Sakurajima Volcano, Kagoshima, Japan

Kagoshima 鹿児島市


February 20, 2014

My dear fellow volcanologists,

Am I an “Expert” in Geology?

I did struggle through Geology 101 as an undergraduate.   I have devoured books by John McFee and Simon Winchester.

Years ago in Java, Indonesia, I traveled to Mount Bromo, when at dawn, the volcano puts on its display of fire and brimstone. 

Most recently, in Ecuador, I watched from afar as the volcano called Volcán Tungurahua lived up to its name: “Throat of Fire.”

So, does all that make me an expert in volcanology, plate tectonics and the Ring of Fire?

Lago Quilotoa (Caldera-Crater Lake), Ecuador



October 10, 2013 

My Dear Mountaineers, 

The Quilotoa Loop is the scenic route west from Latacunga (pop 87,417) to the remote towns of Pujili, Tigua (pop 3000) and Zumbahua (pop 3000).  North of Zumbahua, along the Rio Toachi, lies Quilotoa (Pop 150, Elev 3914m, 12,841 ft, 2.4 miles high!!). 

The paved and curvy road is easy to navigate although my cute little Chevrolet Spark struggles to ascend from 2800m in Latacunga to Quilotoa at 3914m.  To make any headway at all, I must constantly downshift from 3rd gear to 2nd<--break->

Lac Assal (Caldera, Crater Lake), Djibouti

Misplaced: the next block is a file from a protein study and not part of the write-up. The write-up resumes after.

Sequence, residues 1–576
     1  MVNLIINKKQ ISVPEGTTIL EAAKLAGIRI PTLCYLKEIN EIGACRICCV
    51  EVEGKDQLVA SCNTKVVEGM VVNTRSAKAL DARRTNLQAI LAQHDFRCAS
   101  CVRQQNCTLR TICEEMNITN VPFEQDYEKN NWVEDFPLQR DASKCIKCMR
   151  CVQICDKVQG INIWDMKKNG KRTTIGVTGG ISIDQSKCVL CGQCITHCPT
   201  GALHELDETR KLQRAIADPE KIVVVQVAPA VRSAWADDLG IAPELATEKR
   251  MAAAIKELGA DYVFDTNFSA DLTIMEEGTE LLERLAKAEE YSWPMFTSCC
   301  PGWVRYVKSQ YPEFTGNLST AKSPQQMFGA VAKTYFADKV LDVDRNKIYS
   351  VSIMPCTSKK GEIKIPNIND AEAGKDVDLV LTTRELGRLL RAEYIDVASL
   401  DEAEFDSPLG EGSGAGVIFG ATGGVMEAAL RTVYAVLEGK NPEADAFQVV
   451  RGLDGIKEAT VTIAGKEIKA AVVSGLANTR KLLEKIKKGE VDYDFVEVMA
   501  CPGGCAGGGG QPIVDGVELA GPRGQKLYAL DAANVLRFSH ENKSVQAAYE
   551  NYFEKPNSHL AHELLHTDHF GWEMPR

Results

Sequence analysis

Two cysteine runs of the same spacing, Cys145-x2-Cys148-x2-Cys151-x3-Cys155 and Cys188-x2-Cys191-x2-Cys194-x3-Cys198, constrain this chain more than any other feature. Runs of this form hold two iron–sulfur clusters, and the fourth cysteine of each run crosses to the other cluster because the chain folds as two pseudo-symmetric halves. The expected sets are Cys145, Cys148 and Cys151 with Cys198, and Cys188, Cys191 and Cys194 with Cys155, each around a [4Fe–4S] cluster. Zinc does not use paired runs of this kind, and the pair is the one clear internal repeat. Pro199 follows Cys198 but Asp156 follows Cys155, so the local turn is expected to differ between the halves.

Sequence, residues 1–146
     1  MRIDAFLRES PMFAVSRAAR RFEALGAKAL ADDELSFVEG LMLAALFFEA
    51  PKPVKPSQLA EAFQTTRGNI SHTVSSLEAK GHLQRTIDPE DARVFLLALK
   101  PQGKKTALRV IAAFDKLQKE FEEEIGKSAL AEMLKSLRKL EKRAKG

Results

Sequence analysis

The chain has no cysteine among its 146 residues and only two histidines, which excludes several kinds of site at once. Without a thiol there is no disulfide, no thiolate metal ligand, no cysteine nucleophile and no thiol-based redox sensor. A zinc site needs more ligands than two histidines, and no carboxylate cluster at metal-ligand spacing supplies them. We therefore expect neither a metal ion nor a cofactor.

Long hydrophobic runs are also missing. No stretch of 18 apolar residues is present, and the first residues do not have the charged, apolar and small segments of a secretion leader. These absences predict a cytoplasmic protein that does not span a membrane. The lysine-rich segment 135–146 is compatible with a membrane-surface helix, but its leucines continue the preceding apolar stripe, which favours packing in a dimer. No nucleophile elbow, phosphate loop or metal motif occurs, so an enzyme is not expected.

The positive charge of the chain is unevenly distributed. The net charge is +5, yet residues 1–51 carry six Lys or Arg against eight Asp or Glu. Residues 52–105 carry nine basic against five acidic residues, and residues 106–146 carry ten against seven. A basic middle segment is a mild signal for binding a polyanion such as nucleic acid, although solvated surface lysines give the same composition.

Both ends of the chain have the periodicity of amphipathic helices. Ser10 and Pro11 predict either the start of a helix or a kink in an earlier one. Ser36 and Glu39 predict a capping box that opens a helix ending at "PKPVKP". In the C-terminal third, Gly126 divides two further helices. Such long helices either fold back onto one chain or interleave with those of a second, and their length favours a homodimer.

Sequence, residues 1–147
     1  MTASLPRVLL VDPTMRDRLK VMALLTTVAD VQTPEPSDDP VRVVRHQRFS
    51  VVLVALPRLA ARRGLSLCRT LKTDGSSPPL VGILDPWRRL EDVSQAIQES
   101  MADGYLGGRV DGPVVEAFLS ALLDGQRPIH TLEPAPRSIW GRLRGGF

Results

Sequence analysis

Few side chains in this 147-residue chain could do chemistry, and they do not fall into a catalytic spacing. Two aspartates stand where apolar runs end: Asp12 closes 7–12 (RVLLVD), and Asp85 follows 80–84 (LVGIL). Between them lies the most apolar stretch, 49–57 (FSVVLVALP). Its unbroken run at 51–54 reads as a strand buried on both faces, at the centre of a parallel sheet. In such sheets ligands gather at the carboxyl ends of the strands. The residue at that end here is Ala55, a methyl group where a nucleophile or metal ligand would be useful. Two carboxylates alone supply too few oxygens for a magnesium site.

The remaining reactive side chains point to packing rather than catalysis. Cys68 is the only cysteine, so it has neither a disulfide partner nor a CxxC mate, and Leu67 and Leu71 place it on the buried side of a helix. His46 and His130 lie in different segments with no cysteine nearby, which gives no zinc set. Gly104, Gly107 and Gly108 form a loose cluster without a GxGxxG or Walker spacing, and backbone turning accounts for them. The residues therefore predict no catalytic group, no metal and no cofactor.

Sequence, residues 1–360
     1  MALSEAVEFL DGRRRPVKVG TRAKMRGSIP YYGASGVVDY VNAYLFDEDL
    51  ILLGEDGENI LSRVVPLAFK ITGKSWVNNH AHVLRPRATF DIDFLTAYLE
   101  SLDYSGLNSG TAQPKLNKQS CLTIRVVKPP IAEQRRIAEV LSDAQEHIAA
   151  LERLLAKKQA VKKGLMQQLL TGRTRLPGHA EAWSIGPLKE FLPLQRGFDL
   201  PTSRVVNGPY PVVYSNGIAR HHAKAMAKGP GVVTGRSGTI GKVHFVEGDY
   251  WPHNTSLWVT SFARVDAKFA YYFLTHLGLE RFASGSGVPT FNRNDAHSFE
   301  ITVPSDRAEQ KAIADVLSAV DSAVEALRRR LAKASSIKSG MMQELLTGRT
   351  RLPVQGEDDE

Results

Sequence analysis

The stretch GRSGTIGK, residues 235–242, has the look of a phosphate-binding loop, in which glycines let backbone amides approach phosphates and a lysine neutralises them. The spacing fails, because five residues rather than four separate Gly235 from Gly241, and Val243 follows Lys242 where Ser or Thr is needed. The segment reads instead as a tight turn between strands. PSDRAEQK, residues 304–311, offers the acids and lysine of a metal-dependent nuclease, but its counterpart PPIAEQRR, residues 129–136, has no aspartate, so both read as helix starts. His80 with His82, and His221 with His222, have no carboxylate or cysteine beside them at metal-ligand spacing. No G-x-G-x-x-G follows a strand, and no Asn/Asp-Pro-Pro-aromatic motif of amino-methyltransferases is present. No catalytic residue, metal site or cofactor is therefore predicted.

Djibouti City

Republic of Djibouti

May 5, 2011

Bonjour mes amis,

At the Djibouti Embassy in Addis Ababa, the consular officer was quite clear: You don’t need a visa to enter Djibouti.   You can get a visa on arrival.


The entry process was a real pain.  At the airport, I waited for what seemed like more than an hour as I was shuttled from office to office.  Finally, finally, one officer made a call and some other higher ranking officer gave the OK.  Then back to yet another office to watch yet another officer paste the visa into my passport.  (Miracle of miracles, my luggage was still waiting for me, forlornly, on the carousel.) 

Solola, Lago Atitlan (Caldera-Crater Lake), Guatemala


Lago Atitlan



January 11, 2007


CondeNast Traveler
New York, New York

To the Editor:

I am a loyal and thorough reader of "CondeNast Traveler." I even cut out and save your articles. When I decided on Belize and Guatemala, I checked my "Central America" file. I found an article published in April, 1997: "The Gods Never Died - Like an infant with an old soul, Guatemala emerges from war to a vibrant Indian nation."

I was impressed and motivated by a full page color photograph of a mustachioed Guatemalan man who is dressed in a straw hat, white shirt, embroidered pants, colorful sash, and a shoulder bag decorated with Mayan symbols and icons. He is standing on a small wooden dock. He is staring across what seems to be an endless, mysterious lake.

I want to say "Thank you" Mr. Editor. I am here, today, on that very lake. Lago Atitlan.